For instance, Marcus Weldon of Nokia Bell Labs claims that this network will be a “sixth sense experience for humans and machines” where biology and artificial intelligence intersect.
The Japanese telecommunications company NTT Docomo believes that 6G will enable the “advancement of cyber-physical fusion,” which the document claims will be necessary for the 2030s. According to them, this will allow cyberspace to assist human thought and activity in real-time via wearable devices and micro-devices attached to the human body.
5G’s low latency of about 4 milliseconds is a large part of its appeal, but 6G networks may drive this down even further, perhaps to the point where we can confidently declare there is essentially no lag. The only limitation on the start time of movies, TV, and games will be the time it takes the screen to power on, and video calls will be as clear as if you were standing in front of the other person.
As we have seen with 3G, 4G, and 5G, as a network’s capacity increases, so too will its applications. This will have a remarkable effect in that new goods and services can be developed to fully exploit 6G’s bandwidth and other enhanced characteristics.
6G vs 5G: What Are the Differences?
Speed and latency will be the most distinguishing characteristics between 6G and 5G. This is the performance difference between 5G and 4G, therefore we can expect this network to be orders of magnitude faster than 5G.
6G networks are expected to have 50-100 times the capacity of 5G networks if early benchmarks are eventually realized. In addition, although 5G must support one million devices per square kilometer, 6G is proposed to enable ten million devices per square kilometer.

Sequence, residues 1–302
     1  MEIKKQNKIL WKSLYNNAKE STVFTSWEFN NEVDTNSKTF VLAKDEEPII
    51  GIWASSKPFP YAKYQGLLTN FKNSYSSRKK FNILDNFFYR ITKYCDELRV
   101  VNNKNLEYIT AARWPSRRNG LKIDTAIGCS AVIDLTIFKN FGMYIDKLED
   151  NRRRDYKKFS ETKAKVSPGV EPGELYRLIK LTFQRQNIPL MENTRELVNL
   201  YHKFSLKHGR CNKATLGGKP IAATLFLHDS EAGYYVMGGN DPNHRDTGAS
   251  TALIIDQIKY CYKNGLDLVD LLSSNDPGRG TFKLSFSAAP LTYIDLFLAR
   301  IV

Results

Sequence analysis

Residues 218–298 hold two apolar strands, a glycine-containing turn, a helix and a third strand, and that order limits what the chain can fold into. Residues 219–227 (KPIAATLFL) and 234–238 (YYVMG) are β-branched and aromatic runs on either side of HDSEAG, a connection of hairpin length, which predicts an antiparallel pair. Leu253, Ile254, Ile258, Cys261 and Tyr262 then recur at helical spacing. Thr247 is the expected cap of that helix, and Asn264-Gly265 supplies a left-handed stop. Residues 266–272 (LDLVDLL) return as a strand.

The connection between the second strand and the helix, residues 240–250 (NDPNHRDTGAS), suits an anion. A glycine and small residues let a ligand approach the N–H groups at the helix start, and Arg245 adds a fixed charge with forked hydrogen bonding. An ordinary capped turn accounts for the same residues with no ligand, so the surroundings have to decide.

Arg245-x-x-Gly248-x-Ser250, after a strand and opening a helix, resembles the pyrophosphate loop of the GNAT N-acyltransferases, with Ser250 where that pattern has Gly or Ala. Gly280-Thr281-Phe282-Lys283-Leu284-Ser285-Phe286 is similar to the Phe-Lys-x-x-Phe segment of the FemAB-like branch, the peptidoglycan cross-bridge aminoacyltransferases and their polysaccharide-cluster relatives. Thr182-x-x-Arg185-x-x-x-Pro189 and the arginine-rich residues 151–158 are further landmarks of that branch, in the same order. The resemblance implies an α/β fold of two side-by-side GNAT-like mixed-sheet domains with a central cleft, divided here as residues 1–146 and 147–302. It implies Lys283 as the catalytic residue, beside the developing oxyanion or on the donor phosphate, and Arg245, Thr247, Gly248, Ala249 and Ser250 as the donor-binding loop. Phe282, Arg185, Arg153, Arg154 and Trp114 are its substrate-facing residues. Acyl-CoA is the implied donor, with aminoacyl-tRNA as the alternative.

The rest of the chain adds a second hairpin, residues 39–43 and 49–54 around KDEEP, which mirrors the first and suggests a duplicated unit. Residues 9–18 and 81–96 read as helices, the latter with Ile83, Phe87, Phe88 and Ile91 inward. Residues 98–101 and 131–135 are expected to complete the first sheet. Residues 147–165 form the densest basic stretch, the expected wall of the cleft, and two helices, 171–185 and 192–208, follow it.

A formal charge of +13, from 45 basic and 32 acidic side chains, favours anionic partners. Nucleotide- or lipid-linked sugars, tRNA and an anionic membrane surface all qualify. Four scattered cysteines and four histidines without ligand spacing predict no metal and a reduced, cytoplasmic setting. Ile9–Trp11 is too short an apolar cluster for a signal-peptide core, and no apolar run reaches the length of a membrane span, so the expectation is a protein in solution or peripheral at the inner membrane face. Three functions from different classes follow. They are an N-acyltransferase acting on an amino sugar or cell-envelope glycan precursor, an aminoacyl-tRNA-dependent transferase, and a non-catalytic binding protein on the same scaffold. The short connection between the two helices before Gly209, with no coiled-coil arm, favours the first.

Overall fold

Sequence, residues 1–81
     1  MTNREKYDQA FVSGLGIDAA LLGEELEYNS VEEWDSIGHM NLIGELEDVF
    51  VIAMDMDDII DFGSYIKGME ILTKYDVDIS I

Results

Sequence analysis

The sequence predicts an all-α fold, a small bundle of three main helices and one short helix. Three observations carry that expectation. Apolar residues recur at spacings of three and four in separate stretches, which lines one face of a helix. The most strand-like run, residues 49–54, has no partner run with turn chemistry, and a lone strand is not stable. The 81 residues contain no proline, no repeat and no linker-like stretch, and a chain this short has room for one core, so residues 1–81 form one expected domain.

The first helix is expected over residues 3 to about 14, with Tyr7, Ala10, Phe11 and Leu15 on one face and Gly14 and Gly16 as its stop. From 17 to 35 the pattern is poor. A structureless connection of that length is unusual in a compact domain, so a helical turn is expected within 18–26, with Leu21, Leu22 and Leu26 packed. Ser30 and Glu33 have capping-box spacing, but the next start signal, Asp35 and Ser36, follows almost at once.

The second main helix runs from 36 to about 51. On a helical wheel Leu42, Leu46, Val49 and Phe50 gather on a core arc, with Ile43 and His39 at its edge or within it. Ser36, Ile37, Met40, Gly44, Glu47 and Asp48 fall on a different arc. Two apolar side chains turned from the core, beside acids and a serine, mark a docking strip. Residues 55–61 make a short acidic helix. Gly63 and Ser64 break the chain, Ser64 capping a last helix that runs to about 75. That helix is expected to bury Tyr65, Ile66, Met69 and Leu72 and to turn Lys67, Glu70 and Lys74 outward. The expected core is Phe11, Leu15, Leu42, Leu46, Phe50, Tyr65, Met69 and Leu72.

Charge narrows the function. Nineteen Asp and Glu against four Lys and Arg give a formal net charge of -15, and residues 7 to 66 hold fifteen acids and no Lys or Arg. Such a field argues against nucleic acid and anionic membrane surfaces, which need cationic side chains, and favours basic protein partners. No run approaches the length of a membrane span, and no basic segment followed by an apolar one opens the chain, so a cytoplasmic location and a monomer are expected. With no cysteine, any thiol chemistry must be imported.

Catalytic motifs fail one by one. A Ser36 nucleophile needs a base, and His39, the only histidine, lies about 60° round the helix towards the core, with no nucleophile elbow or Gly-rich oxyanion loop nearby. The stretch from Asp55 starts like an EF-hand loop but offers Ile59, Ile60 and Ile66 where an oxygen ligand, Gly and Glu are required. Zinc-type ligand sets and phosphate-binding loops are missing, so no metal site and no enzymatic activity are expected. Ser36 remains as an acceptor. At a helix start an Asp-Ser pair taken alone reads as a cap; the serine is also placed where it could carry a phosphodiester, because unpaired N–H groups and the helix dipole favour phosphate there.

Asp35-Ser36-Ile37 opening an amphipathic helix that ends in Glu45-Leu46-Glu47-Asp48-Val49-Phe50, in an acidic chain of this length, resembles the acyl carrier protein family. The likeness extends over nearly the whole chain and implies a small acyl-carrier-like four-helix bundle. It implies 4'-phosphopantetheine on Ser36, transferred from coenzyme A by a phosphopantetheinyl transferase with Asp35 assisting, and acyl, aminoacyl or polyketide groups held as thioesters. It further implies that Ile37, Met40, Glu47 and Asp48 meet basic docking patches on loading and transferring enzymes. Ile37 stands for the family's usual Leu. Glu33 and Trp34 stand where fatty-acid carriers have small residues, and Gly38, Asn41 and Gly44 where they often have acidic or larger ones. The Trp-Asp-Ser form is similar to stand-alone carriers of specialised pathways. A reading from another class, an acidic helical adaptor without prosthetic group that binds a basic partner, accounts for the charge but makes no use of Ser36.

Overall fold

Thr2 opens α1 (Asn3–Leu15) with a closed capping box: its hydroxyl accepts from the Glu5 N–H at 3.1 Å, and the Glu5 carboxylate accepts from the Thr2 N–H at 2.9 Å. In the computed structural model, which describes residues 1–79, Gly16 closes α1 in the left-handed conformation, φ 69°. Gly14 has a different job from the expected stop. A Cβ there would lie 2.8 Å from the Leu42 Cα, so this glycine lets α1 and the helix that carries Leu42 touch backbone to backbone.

How quickly will 6G be? Even with 5G, under perfect conditions, we’re observing speeds of up to 1 Gbps. This will be surpassed by 6G, although how much is uncertain. We may witness speeds of many hundred gigabits per second or possibly terabytes per second. Samsung Electronics evaluated this network technology at 50 times the speed of 5G.
We do not yet know how 6G will be quicker than 5G, but we may infer it will include the use of millimeter-wave frequencies in the radio spectrum. 5G’s bandwidth capacity derives from its usage of high radio frequencies; the further up the radio spectrum you go, the more data you can transport. Eventually, 6G may approach the upper limits of the radio spectrum and reach 300 GHz or perhaps terahertz frequency levels.
However, just as we are currently observing with ultra-fast 5G network versions being highly localized due to the intrinsic limitations of millimeter waves, the same issue will be observed with 6G networks. The range of terahertz radiation, for instance, is approximately 10 meters, which is far too short for significant 6G coverage.
Perhaps by 2030, we will have invented new methods of signal amplification that will allow us to avoid constructing thousands of new 6G cell towers. In 2022, researchers employed a new type of transmitter that produced focussed beams (vortex millimeter waves) to transfer 1 terabyte of data per second.